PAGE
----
Altruism is the selfless concern for the needs of others. An altruist performs actions for the sake of others rather than for himself. Rachel’s ethical egoism argues that altruism is self-defeating. He affirms that ethical egoists strongly argue that everyone will be better off if each one of us looks out for ourselves and our interests. This is supported by the premise that only a person understands and knows his or her needs best, looking out for other people is an intrusion of one’s privacy and charity may on many occasions degrade the recipient or bruise their ego. Going by this argument, we can say that ethical egoists are justified to pursue their interests.

Rachel’s however sees this argument as unrealistic since a charity does not always degrade the recipient and help is not always an intrusion of one’s privacy.

Ayn Randy’s Argument (Rachels, 2008)

The argument states that we each ought to regard this one life to be of supreme importance or ultimate value to us. Only ethical egoism allows an individual’s life to be of great value to them. For this reason, Ayn Randy feels that we should all be ethical egoists. However, on the other hand, Rachel argues that altruism does not require one to see their life a one of no importance and due concern for oneself does not need one to see himself as the ONLY important being. Further, he counter-argues that given one life to live, it would be wasteful to live it in self-indulgence.

The only egoists have argued that their theory is compatible with common-sense morality: If we do good unto others, they are most likely to do the same for us hence the concept of altruism is fulfilled hence we need to acknowledge the egoistic principle.

Looking at the above three arguments from the point of view of ethical egoists we can say that indeed we need to recognize ethical egoism as a plausible theory, but to what extent can we safely do this? As much as we would love to embrace the theory, there are aspects of it, as argued by Rachel that bring out its limitation.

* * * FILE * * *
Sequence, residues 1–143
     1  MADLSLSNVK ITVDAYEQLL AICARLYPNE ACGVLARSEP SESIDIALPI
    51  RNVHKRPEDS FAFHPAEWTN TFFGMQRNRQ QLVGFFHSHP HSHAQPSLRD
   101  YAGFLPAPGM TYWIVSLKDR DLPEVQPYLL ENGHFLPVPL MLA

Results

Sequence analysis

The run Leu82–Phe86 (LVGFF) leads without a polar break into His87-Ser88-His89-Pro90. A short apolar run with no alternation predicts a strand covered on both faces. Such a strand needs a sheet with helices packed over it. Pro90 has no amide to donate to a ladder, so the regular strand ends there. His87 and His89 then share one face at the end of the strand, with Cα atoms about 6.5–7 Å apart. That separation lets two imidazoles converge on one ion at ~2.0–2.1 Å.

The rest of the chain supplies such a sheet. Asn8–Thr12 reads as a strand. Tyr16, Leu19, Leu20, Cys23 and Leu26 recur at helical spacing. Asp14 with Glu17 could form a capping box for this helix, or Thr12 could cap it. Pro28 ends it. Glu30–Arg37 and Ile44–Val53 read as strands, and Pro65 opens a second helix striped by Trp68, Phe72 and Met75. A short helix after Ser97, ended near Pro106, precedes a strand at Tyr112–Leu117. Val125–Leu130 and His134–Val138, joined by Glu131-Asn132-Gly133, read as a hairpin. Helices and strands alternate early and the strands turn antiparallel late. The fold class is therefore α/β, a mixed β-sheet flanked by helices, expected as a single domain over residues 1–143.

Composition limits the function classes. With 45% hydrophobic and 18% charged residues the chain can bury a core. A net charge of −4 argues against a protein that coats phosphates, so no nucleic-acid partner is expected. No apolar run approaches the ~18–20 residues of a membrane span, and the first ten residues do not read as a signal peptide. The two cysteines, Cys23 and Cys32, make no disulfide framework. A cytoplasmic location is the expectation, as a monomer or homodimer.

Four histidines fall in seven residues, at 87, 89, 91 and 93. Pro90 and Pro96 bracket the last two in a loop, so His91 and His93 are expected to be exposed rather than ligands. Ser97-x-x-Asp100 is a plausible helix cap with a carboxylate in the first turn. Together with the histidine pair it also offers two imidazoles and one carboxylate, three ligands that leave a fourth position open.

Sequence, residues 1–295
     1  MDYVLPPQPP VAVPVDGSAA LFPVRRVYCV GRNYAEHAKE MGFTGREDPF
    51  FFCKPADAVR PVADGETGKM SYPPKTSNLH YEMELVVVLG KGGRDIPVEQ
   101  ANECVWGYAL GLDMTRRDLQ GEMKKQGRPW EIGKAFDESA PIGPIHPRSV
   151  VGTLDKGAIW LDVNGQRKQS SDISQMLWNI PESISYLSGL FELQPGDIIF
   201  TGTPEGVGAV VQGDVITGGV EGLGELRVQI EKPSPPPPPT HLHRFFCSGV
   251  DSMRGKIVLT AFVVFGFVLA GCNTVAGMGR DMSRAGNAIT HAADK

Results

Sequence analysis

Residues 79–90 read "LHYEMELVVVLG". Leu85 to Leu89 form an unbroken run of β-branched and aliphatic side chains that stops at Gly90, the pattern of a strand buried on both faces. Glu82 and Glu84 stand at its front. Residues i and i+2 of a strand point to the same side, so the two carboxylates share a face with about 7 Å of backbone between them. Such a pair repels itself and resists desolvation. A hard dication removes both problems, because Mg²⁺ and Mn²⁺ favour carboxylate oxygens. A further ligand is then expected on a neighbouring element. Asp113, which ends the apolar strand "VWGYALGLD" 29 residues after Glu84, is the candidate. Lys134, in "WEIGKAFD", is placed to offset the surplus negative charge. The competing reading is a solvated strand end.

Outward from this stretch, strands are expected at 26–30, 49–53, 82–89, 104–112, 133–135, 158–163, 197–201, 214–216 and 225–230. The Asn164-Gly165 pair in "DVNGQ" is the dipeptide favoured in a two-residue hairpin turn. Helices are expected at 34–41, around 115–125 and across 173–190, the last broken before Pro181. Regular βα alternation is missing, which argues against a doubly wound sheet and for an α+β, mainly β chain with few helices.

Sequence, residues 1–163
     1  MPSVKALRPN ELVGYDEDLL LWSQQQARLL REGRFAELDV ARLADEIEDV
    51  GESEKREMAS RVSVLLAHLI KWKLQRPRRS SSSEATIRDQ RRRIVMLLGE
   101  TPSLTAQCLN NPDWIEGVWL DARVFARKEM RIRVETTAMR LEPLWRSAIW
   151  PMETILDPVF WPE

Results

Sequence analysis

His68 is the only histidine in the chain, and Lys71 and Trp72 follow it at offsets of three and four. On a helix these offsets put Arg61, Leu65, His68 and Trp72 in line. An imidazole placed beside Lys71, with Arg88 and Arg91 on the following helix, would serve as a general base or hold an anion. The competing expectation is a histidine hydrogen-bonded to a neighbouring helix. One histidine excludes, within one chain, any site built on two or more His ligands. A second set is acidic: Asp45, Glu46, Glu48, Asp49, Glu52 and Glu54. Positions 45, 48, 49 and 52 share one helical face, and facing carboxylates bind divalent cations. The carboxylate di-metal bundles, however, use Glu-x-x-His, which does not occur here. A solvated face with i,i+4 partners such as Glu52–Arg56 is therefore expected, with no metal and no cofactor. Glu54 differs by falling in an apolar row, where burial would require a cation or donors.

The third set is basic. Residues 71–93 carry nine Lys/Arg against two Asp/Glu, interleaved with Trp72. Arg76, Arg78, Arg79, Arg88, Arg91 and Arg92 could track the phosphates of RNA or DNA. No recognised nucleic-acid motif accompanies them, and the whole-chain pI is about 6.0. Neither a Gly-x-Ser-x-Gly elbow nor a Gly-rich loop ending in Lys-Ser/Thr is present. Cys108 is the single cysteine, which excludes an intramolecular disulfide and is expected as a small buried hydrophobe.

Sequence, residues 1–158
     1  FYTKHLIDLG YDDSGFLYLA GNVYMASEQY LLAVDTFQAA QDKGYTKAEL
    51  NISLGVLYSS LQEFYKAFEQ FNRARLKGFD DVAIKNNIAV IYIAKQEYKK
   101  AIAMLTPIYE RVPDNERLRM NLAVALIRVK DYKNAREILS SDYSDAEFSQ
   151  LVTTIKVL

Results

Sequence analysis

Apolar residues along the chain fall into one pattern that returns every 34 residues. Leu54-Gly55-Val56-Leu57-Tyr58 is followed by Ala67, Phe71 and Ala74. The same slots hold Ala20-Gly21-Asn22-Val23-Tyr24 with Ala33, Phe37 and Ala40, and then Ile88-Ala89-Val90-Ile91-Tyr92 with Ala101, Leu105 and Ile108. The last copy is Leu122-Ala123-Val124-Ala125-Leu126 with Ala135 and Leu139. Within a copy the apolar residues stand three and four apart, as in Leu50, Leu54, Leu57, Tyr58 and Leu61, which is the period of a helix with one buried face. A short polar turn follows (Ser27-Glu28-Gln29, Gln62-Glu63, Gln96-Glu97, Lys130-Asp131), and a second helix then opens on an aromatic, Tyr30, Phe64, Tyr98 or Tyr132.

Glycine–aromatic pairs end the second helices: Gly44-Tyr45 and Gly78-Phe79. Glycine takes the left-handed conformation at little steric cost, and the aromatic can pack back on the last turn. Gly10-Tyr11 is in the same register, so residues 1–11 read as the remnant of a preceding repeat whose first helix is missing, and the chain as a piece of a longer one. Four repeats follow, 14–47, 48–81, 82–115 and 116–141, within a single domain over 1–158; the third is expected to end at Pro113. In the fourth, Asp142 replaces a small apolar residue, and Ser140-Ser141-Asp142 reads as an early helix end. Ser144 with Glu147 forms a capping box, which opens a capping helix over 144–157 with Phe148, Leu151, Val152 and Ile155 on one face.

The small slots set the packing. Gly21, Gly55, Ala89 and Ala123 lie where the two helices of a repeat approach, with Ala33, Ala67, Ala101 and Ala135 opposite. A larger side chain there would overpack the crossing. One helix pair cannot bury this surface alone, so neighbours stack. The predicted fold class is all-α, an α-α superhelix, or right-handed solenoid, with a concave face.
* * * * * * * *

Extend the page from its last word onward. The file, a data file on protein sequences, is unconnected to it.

1. Ethical egoism cannot handle conflicts of interest: Morality should help individuals to resolve conflict of interest, but ethical egoism simply clouds this by advocating an individual to resolve conflicts of interest, but ethical egoism simply clouds this by advocating an individual to focus on his interests when faced by a conflict of interest; therefore ethical interest is not an acceptable morality.
  2. Ethical egoism is unacceptably arbitrary: The argument according to Rachels’ is that we can justify treating people differently only if we can show that there is some factual difference between them that is relevant to justifying the difference in treatment. Ethical egoism advocates different treatment of others from ourselves. However, there is no factual difference between us and others that can justify the different treatment and this makes ethical egoism unacceptably arbitrary.
  3. Ethical egoism is self-defeating. Pursuing one’s interests is contrary to their interest. An ethical egoist expects others to treat him similarly as he treats them. If he pursues his interest, then others will follow suit and soon we will have a society of one against all. They also argue that one ought not to do what is contrary to their interests hence in other words since they would not want others to similarly pursue their interests, hence they should do the same and not focus on themselves exclusively.


We have looked closely at the theory of ethical egoism and other morality theories, which contrast the former due to altruism. To co-exist peacefully in a society, I would recommend that people need to find a good balance between the two by incorporating the strengths of both theories. By doing this, there will be nothing short of peace, cohesion, and personal and communal growth. By focusing on the needs of others as well and not just those of oneself, we shall be doing our moral duty.


Moseley A, (2008) Internet Encyclopaedia of Philosophy. Web.

Rachels J. The Right Thing To Do: Basic Readings in Moral PhilosophY, New York: Random House, Mc Graw- Hill.

Stanford Encyclopaedia of Philosophy, 2008. Web.

Princeton, 2008. Web.